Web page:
The Value of Being Proactive: How to Protect What Matters Most without Breaking the Bank

blog-default Do you consider yourself a proactive homeowner? Until you lose something valuable, you may not realize how important home protection is; which is why you need to be proactive about your home security. You’ve worked hard to provide a comfortable home for your family, and they deserve to feel safe in their own home. While top-notch home security systems cost a lot of money, it doesn’t mean you need to empty out your bank account in order to have home protection. Sure, you may feel safe and sound in your neighborhood, but it doesn’t mean burglars aren’t going to snoop around and get into some trouble. Crime can happen anywhere, and so can floods, fires, and carbon monoxide leaks. A smart homeowner doesn’t roll those dice. They stay proactive and secure from the get-go. The value of being proactive isn’t just about saving money; it’s understanding that the small cost of home security can outweigh the potential loss during a home robbery.

Start with the Basics

Anything is better than nothing. If you’re cautious about spending the extra dime on a new home security system, start small. Ask potential providers about beginner options that have room to add on. In some cases, you can take advantage of special pricing to upgrade your current system for little to no extra monthly fees. Basic home security systems can still help deter unwanted guests from entering your home and do so much more. The right amount of security for you will depend on your needs and comfort levels. Shop around and find good deals on basic packages, and maybe talk about adding other features to your current package. You can even find DIY home security systems that allow you to save your wallet while still getting the security you need.

Security in Disguise

You don’t have to spend a lot of money to install a full-blown camera system on your property—though these do come in handy. You can buy relatively inexpensive false cameras to set up around the outside of your home to create little extra deterrents. If a burglar sees a camera, they’re probably going to high-tail it outta there. The same goes for inexpensive gadgets like a TV light that emits a light resembling a TV. This can be a great deterrent to potential robbers, as they will see this, and think somebody is awake, and may opt out of breaking in.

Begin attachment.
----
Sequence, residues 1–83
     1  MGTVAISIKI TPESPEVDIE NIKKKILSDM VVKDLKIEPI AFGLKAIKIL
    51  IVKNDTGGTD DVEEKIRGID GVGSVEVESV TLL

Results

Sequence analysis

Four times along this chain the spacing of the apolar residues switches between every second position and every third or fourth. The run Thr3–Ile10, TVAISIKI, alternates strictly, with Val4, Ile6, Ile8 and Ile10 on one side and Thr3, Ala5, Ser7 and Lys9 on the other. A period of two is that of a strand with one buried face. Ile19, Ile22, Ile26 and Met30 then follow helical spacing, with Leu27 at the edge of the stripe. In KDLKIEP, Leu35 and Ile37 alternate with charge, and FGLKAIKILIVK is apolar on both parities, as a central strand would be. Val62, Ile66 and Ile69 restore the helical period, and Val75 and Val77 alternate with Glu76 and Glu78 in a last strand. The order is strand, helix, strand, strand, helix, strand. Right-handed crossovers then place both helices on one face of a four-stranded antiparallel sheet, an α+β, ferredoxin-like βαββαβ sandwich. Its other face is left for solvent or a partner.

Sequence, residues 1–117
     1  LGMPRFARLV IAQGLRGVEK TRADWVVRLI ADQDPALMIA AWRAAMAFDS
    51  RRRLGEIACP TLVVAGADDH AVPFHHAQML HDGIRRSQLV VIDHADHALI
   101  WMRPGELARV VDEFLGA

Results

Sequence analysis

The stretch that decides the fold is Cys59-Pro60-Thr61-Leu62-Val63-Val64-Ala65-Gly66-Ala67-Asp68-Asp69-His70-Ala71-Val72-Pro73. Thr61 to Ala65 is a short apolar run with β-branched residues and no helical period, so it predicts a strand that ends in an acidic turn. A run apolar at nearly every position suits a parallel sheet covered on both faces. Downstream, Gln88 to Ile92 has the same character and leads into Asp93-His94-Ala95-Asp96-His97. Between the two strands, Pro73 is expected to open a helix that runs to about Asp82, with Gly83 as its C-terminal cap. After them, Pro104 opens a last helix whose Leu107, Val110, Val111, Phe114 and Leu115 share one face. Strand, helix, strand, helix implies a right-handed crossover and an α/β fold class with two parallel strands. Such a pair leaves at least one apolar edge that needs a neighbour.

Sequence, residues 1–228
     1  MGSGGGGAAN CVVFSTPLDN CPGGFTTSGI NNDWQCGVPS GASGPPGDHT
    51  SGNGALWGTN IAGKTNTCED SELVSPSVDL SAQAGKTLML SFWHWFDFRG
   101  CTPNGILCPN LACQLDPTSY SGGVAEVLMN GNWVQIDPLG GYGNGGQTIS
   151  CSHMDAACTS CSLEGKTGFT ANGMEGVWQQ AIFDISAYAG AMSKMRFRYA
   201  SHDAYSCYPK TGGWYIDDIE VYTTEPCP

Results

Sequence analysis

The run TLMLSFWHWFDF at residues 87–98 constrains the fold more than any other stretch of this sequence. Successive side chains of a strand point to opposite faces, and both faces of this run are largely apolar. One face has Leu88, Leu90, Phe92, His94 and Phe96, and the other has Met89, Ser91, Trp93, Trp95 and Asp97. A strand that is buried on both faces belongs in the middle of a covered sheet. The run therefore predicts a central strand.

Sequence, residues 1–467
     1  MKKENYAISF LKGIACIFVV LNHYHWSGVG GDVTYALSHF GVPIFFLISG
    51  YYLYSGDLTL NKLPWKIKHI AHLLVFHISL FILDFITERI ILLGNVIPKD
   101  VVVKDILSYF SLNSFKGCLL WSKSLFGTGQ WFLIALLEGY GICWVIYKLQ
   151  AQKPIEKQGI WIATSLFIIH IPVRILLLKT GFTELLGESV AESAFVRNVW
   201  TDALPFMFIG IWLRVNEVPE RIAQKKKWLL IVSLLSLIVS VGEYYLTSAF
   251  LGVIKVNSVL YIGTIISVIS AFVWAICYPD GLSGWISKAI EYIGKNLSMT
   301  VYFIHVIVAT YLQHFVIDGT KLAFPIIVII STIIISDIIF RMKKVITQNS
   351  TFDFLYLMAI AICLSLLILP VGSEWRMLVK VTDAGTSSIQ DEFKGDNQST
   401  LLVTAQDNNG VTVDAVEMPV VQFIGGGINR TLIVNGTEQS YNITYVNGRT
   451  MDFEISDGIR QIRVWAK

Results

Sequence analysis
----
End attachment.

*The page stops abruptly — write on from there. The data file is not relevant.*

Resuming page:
Adding a physical boundary between your property and public space can help keep burglars away from your house. Fencing is a lasting home security feature that usually requires minimal upkeep, making it very affordable in the long run. Chain link fencing is the cheapest, but tall wooden fences can help keep uninvited visitors out while giving your property a little privacy.

Be Smart About What You Show

Sometimes, home protection isn’t always about having an electrical system installed into your home -- it’s about the way you present your home. If you’re taking the box of a brand-new TV out to the curb two days before garbage day, you’re pretty much giving all home robbers two days to pick up on the fact that you’re the proud owners of that new TV. If you’re not drawing blinds and closing window curtains before bed or while you’re gone during the day, you’re literally allowing these burglars to window shop. If they like what they see, you might be their next target.

Get Homeowner’s/Renter’s Insurance

Home owners’ and renter’s insurance covers your home and your belongings. Obviously, this insurance can’t prevent intruders from entering your home, but in the event that your home is robbed, having insurance can ease the traumatic event. Many insurance plans will cover the replacement of any damaged or stolen items, and the plans typically cover repairs needed should a tree branch fall on your roof, for example. If you rent your home, your landlord probably required you to get renter’s insurance before you moved in, but this isn’t always the case. Homeowner’s insurance isn’t a requirement when you purchase a home, but it’s an essential part of owning a home properly. Both forms of insurance are relatively inexpensive and are worth procuring no matter the cost. Home security doesn’t have to cost a fortune. Any protection is better than no protection. As long as you’re cautious and put some security measures in place, then you’re taking steps in the right direction.